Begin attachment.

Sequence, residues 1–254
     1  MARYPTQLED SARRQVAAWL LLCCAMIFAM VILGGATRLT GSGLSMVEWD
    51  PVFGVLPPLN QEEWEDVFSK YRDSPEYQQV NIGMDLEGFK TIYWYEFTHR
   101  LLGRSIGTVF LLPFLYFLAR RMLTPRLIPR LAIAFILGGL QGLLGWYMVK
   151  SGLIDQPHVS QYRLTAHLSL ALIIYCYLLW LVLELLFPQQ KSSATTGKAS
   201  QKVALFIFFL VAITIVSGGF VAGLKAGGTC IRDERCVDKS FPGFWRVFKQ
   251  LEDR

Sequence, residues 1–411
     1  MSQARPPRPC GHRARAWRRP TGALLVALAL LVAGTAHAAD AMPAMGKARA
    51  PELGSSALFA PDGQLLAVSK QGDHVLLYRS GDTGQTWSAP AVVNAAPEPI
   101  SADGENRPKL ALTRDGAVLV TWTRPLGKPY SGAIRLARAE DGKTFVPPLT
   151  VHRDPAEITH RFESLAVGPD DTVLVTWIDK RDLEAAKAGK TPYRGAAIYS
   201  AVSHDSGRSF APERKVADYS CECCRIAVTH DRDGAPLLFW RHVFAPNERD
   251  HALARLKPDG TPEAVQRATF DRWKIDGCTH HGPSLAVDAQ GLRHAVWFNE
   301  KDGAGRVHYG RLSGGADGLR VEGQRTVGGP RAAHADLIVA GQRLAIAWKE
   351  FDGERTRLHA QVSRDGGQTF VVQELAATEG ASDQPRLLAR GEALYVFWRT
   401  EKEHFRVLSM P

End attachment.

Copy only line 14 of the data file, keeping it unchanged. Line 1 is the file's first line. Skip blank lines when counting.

   251  HALARLKPDG TPEAVQRATF DRWKIDGCTH HGPSLAVDAQ GLRHAVWFNE